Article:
The next step in your evolution as a
CGI programmer is to learn how to customize scripts for your own
needs. Thus, the first task is to understand how CGI programs
Many CGI programs use a common toolbox
of routines-called libraries. Thus, it is helpful to understand
how libraries work
Web applications are not ferocious.
After a bit of delving into the lines of code, you'll often find
that a well-written program can be tame.
It's a good idea to view programs as a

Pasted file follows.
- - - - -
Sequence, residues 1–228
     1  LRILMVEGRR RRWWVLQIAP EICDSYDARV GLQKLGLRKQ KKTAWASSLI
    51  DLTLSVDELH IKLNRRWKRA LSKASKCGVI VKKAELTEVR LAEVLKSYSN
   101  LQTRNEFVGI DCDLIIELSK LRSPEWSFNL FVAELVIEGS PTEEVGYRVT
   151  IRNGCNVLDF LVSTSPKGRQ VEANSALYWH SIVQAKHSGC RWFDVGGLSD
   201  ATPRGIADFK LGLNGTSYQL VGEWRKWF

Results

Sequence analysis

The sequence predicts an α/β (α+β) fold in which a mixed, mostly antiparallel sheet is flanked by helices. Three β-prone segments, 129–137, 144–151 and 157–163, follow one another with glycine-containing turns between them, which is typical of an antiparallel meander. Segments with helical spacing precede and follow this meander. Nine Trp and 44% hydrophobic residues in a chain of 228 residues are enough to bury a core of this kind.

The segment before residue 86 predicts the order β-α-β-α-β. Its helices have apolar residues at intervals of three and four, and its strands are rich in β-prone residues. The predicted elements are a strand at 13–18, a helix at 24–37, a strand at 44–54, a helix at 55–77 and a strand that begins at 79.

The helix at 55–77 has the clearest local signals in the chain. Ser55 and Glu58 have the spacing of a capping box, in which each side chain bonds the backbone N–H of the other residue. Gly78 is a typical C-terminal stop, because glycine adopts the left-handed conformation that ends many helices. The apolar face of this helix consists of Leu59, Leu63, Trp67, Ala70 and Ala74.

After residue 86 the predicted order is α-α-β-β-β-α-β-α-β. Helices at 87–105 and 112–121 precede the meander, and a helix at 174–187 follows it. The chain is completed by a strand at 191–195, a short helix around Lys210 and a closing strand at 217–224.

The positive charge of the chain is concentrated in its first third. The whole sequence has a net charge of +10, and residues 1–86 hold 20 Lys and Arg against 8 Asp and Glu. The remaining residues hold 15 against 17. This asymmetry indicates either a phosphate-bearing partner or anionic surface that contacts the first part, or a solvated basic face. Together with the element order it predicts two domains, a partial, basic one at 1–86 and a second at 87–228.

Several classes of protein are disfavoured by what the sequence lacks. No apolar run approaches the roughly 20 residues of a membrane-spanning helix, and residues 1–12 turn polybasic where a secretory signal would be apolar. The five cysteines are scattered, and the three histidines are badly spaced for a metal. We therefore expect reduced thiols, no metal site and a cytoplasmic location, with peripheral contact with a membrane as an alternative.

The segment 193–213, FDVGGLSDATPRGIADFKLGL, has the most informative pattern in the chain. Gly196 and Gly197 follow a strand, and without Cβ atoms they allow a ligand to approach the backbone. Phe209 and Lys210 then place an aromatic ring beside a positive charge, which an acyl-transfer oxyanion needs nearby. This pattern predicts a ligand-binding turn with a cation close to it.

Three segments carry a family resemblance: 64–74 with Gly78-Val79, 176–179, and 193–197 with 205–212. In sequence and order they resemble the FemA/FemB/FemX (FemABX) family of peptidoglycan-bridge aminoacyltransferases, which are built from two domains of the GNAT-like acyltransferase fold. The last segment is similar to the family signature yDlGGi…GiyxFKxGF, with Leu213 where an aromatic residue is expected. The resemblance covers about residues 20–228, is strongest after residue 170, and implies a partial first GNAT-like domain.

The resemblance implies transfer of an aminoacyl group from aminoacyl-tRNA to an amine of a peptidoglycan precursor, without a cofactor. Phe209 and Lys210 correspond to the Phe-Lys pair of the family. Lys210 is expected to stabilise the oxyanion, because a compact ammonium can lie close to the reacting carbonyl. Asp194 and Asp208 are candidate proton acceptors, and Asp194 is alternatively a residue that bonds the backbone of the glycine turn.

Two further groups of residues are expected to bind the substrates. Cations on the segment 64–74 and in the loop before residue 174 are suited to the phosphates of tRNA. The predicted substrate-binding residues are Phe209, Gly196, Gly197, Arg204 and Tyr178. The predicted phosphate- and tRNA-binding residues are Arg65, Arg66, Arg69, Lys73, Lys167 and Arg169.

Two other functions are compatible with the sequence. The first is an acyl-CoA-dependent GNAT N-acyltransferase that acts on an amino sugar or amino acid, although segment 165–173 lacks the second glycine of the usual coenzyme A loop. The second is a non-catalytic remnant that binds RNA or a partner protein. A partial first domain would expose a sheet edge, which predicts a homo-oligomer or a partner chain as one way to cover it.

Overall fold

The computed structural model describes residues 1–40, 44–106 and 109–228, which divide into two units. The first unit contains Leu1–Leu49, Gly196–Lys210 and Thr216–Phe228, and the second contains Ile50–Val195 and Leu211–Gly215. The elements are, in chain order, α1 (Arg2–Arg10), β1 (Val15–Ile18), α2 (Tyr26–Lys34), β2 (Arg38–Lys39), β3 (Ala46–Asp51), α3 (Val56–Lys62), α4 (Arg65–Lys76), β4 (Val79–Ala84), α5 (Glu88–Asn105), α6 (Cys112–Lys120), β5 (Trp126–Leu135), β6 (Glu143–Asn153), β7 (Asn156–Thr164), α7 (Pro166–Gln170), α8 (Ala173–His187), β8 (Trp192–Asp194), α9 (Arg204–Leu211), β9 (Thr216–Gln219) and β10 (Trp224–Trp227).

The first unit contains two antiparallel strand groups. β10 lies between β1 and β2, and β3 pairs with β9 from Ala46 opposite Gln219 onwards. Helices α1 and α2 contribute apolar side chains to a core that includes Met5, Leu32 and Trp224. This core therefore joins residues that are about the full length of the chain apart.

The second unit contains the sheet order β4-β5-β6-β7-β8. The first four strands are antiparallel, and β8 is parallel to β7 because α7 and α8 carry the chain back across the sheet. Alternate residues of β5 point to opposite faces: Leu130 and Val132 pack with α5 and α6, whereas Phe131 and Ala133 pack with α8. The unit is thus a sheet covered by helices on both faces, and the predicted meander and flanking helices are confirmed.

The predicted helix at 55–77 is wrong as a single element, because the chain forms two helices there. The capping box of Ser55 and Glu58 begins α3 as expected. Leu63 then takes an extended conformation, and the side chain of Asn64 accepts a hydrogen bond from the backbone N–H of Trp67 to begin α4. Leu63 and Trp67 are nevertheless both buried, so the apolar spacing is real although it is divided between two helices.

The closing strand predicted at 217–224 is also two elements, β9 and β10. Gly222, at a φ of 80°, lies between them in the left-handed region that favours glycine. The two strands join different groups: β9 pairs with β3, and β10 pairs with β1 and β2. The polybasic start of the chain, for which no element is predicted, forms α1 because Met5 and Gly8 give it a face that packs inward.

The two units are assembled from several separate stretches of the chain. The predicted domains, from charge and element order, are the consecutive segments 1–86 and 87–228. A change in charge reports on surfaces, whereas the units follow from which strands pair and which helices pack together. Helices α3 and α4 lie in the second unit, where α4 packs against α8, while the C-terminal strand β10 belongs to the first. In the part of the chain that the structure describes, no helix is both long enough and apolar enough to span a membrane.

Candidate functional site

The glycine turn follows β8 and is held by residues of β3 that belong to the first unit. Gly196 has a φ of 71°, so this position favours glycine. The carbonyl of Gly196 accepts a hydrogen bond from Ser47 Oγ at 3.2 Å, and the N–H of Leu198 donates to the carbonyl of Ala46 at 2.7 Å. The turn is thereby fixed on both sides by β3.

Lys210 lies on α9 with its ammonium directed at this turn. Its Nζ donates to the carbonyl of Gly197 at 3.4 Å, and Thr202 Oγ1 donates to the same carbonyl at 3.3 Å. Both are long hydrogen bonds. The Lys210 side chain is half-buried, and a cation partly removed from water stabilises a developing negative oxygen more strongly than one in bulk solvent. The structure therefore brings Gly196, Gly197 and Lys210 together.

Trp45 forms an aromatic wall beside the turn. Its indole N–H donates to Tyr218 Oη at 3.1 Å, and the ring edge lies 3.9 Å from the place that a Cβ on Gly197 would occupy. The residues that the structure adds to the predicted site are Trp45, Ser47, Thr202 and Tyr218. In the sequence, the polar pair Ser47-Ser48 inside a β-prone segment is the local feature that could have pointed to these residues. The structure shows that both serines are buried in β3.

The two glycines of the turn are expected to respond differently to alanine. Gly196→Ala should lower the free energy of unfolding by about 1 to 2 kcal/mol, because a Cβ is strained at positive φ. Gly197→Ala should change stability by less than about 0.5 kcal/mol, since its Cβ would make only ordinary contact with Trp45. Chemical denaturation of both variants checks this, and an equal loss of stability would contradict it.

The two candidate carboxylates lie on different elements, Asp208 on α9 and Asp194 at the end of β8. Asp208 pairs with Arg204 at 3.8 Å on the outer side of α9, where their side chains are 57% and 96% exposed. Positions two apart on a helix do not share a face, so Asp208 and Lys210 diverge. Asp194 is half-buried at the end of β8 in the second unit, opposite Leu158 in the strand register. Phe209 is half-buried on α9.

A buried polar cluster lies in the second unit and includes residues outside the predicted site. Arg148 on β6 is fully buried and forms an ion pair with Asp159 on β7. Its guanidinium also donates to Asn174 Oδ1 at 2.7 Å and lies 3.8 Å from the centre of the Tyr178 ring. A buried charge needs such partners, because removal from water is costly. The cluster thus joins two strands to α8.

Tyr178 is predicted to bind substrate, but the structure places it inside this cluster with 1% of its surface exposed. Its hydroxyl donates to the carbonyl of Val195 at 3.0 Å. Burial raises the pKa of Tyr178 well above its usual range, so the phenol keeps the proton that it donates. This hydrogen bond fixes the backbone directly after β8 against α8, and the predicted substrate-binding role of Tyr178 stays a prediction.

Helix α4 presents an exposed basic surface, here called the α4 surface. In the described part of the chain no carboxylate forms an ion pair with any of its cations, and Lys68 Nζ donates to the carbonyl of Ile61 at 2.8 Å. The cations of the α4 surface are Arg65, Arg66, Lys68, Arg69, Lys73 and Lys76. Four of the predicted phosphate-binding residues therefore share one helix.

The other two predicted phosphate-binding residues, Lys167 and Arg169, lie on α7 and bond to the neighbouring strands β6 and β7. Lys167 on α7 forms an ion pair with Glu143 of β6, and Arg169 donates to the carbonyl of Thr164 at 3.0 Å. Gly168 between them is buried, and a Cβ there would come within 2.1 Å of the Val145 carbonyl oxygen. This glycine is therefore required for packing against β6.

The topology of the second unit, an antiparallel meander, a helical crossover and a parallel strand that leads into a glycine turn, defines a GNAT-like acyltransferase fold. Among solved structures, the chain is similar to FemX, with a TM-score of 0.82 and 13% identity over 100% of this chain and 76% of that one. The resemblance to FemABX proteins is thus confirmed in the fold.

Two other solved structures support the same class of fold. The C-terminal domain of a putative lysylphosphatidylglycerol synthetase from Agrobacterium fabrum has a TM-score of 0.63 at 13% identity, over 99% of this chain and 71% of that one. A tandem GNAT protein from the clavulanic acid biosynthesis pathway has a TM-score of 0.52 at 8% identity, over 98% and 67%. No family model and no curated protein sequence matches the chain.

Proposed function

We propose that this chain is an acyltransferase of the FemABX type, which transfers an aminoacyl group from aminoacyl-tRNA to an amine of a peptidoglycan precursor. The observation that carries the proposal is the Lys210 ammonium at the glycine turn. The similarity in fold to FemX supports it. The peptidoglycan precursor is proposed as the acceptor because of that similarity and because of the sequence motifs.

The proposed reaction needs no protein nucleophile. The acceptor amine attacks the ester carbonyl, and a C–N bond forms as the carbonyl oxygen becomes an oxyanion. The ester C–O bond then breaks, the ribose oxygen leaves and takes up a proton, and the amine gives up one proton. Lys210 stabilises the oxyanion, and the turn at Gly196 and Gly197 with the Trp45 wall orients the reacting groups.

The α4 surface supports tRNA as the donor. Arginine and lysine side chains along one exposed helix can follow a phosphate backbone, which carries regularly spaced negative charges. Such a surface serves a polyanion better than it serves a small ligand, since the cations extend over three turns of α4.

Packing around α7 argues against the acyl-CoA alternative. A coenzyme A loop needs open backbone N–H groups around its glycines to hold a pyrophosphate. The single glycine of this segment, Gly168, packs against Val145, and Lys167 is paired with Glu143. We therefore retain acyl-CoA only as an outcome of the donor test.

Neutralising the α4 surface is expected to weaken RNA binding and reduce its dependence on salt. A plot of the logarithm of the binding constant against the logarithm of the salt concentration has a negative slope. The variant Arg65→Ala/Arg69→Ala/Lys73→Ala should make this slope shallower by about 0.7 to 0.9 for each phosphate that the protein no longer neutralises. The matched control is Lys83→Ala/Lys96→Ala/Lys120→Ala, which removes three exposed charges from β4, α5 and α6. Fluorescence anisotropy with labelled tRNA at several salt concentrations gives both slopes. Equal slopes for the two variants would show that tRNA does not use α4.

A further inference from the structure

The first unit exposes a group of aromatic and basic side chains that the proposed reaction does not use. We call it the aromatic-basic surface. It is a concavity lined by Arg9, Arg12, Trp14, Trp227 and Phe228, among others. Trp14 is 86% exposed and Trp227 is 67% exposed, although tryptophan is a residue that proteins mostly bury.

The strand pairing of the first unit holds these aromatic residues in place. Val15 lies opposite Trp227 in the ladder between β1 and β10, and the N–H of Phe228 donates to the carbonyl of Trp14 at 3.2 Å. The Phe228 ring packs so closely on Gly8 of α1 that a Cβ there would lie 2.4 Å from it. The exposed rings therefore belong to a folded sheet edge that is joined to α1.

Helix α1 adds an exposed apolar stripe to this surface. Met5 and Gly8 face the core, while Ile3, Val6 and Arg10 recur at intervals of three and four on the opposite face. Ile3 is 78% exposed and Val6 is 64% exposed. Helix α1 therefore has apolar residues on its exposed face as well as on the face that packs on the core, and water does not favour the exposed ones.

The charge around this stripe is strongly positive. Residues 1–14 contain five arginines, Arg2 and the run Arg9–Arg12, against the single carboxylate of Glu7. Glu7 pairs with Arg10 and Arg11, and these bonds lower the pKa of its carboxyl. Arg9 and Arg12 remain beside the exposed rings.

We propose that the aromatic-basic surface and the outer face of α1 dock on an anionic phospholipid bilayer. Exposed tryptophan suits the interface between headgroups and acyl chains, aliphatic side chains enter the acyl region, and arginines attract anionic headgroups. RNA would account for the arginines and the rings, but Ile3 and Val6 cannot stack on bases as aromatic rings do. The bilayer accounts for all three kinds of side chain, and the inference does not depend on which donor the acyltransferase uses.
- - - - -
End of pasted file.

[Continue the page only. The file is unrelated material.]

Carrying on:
group of associated algorithms (or routines), all of which have
small, well-defined functions. Algorithms are like ants in an
ant colony, each doing one small job well.
To decipher a program, you need only
focus on understanding how these simple packets of code, called
subroutines, interact. With practice, they will call out to
you: "I add numbers," "I gather form input," "I parse that
input," "I say hello world when asked." If you understand the
program one routine at a time, the application's design will
emerge and you will be more comfortable modifying and adding to
the original program.
There are three types of algorithms
that you will be faced with in most Perl CGI applications:
individual algorithms, application-specific subroutines, and
interapplication libraries. Let's look at each of these